I’m troubled by the Sydney siege at the Lindt Chocolate Café in Martin Place that has just concluded with 3 fatalities and 3 injured.
For starters, here’s one easy question: What’s wrong with these pictures (above from 7 News and the 2 below) and the video below (watch from 2:06 onwards)?
Photo credit: 7 News
Picture: Ross Schultz Source: News Corp Australia
Now, the real question is: Where were the snipers? And why didn’t they shoot when they had the chance?
(Snipers reportedly manned nearby rooftops and shouted “Hostage down, window two” only when tactical police stormed the café at the end of the siege.)
If the media had these clear shots of the gunman Man Haron Monis, why didn’t the authorities have the snipers to take him down within the 16 hours window? If the snipers were not in a better position than the media, surely they have enough time to move for better views, rooftop or on the ground? The snipers of course need clearance from their commanders who should be on site with their squads. So does that mean the authorities did not want to kill him for whatever reasons?
Certainly many complicated questions but in any case, there were 17 hostages at stake and the police did not move in for the kill until (negotiations apparently failed and) there were gunshots within the café?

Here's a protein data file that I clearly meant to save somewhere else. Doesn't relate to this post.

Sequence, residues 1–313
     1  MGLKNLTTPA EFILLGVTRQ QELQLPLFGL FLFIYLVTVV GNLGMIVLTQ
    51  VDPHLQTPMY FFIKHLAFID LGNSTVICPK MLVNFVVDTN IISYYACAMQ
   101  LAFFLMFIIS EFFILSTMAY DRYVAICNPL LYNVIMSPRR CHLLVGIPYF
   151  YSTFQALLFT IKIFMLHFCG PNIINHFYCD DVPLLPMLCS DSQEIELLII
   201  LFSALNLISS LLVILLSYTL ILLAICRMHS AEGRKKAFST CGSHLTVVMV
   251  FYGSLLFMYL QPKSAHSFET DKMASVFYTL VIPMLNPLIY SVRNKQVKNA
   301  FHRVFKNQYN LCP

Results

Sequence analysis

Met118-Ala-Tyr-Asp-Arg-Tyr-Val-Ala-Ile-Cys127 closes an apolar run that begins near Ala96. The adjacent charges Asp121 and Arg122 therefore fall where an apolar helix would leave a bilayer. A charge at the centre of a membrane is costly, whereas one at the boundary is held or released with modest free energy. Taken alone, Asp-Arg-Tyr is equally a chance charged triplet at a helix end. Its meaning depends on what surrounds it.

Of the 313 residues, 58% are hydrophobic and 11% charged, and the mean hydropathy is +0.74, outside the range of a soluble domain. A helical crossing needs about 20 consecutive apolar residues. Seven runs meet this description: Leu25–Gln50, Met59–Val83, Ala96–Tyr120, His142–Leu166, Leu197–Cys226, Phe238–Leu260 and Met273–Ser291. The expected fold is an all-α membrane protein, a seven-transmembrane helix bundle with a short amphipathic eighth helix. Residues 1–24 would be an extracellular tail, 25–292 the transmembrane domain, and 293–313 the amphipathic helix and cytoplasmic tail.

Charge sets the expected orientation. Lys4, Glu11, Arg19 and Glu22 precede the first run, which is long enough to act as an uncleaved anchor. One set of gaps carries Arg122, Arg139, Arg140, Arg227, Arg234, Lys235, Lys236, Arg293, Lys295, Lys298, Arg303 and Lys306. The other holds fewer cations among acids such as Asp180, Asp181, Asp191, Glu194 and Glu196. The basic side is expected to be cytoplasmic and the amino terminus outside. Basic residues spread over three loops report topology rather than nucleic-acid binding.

I have only one potential explanation: the authorities were concerned with the hostage taker’s claims that there were other explosive devices planted around the city – and the police have intelligence that he has comrades who would trigger those devices if he’s dead (I know it’s easier said than done but with good use of negotiators and intelligence, and a good 16-hour timeframe, the police and intelligence agencies could have established if he has other accomplices to detonate those devices, if any – plus it’s not that Man Haron Monis was any stranger to the Australian authorities. They should have a huge file on him all along).
Anything short (and as it turned out, his former lawyer, Manny Conditsis, reportedly told the media that Monis was an isolated figure who had acted alone), it’s sad to see yet another case whereby the authorities have not followed protocol in hostage situations: Take the man down (at the very opportunity).
It’s reminiscent of the Manila hostage event of 23 August 2010, when the hostage taker, former Philippines police officer Rolando Mendoza, hijacked a tourist bus with 25 hostages onboard. He was in plain sight (see picture below) several times, more than sufficient for the snipers to decide where to aim. But the Philippines authorities missed the opportunities, resulting in 9 deaths (including the perpetrator).
A longer version of this column appears in AsiaSentinel.com